Malawi’s Minister of Natural Resources, Energy and Mining, Atupele Muluzi, has been in UK last week on official business and visited Westminster at the House of Commons and House of Lords to lobby and mobilise support for Malawi, particularly for the energy sector.
Speaking in interview with Nyasa Times from London, the minister described his tour as “extremely successful”.
During his visit to Westminster where he met parliamentary committee on Malawi desk as well as holding discussions with Lord Steel and Lord McConnel, Muluzi spoke of cementing development partnerships founded on mutual respect, saying the Malawi/Scotland Partnership is a very good model and has delivered on tangible results including in areas like health and education.
He also spoke about the importance of twinning developed and developing countries based on mutual respect, benefits and development.
Muluzi welcomed his focus on unlocking some barriers including reviewing the current UK visa application system which he has argued is “problematic” especially for the Malawian private sector to engage with their counterparts.
However, at the same time, he stated that he understood efforts to ensure there is “credibility in the system” but said this must be balanced with efforts to make the system “fit for purpose.”
According to Muluzi, Malawi’s vision is that the southern African country would like to move from a predominantly producing to an exporting country.
He mentioned that under the leadership of President Arthur Peter Mutharika that vision is being achieved in that leadership is very much about delivery.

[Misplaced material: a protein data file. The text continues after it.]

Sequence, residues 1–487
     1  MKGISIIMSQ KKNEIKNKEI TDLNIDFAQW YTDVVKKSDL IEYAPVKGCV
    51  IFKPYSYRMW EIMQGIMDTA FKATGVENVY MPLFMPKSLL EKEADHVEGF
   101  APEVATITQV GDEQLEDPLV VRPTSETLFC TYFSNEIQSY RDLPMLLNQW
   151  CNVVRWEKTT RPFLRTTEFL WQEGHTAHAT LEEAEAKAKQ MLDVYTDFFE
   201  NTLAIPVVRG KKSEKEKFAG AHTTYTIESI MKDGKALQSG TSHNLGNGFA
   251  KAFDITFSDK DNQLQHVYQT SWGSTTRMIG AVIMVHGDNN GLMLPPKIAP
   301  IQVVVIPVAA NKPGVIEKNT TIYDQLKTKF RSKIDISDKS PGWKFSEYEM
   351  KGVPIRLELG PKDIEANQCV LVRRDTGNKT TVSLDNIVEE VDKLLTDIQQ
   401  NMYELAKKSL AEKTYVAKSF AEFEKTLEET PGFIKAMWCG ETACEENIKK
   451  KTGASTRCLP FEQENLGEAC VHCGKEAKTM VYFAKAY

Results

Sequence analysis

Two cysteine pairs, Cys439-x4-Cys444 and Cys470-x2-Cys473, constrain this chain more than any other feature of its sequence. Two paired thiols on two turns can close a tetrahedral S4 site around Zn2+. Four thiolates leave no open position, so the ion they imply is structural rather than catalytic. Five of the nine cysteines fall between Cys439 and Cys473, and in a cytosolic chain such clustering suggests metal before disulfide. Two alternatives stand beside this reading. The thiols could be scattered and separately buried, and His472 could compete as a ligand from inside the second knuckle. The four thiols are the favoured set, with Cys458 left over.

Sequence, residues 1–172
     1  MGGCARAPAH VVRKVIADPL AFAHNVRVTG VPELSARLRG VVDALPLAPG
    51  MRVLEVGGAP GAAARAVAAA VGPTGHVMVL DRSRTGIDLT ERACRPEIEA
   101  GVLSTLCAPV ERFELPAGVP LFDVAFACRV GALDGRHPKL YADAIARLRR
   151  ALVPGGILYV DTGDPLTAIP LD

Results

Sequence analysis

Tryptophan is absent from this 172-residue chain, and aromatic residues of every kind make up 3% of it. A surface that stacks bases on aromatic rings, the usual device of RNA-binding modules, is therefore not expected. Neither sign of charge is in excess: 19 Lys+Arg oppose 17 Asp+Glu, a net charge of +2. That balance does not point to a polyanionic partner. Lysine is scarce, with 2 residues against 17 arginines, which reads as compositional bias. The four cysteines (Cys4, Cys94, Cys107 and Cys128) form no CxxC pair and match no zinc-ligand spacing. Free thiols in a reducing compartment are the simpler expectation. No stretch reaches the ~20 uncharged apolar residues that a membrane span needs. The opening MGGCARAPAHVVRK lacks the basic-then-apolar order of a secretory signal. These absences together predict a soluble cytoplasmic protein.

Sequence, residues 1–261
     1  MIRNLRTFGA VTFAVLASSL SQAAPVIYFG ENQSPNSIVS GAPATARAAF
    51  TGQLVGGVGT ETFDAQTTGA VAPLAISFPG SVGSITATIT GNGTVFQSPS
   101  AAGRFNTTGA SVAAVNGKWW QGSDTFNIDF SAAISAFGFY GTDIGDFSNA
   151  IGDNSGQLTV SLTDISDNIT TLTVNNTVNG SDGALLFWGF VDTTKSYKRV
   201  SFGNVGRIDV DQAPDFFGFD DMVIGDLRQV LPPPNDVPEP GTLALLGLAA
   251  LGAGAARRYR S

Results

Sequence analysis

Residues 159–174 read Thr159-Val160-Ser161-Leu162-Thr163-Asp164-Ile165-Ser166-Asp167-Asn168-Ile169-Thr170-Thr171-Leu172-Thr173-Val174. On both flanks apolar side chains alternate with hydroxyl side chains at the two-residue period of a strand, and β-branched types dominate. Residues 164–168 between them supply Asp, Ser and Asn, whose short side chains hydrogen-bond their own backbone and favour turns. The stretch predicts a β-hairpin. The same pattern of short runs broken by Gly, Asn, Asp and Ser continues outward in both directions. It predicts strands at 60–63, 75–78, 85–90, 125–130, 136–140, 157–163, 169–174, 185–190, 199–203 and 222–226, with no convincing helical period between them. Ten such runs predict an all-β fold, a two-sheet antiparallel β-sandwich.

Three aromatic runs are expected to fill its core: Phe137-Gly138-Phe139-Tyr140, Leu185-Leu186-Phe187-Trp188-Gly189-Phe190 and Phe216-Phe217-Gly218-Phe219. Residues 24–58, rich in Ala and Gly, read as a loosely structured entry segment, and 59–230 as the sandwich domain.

The minister illustrated the things that he intends to deliver in his ministry in particular the doubling the energy generation capacity in the next five years and increasing access to electricity from 9% to at least 30% in the next 10-15 years.
He appealed for support in the area and informed the British government that Malawi’s sole electricity provider Escom lost 35 percent of its power after shutting down two of its five power stations located on Shire River following the floods.
The floods left a high volume of trash, silt and huge logs which have choked the water entry points of the machines, causing massive power outages across Malawi.
Muluzi also said his ministry intends to grow the mining sector in “an environmentally sustainable way” to at least contribute more than 20% of GDP,
Mining used to cater for a meagre 3% to Malawi’s Gross Domestic Product but the contribution leap-frogged to 10% of GDP when the Kayelekera uranium Mine of Paladin went on stream.
Muluzi highlighted that his ministry is actually one of the key engines for growth but also mentioned that changing shift from rhetoric to delivery and results will take time.
“This is why grooming a robust generation of leaders will be important,” pointed out Muluzi.
He sought more partnerships and exchange of ideas on how to do this with the UK.
The Malawi Government is pursuing the reforms in the minerals sector under the auspices of the Mining Governance and Growth Support Project, which is being financed by the World Bank’s International Development Association and the European Union.
The activities under the project include institutional and governance strengthening, long and short term capacity building, updating of the geological data base, acquisition of high density airborne geophysical data, updating geological maps, modernising the mineral cadastre and setting up a geo-data centre for ease of data access.
During the meetings which he was accompanied by Malawi High Commissioner, Benard Sande, issues of massive corruption scandal the cashgate was also tackled and Muluzi acknowledge that this is “a very serious problem” and flagged efforts being done to address it.
He said cashgate exposed the weaknesses in accountability and transparency systems and institutions require support urgently through twinning, mentoring and learning from others.
“W e take responsibility for wanting to change or reform systems and we are keen to be held accountable for this,” said Muluzi.
He said focus should be on building capacity of government but as a means to an end which is improved service delivery.
Other meeting Muluzi had were with DFID and investors in energy sector.Follow and Subscribe Nyasa TV :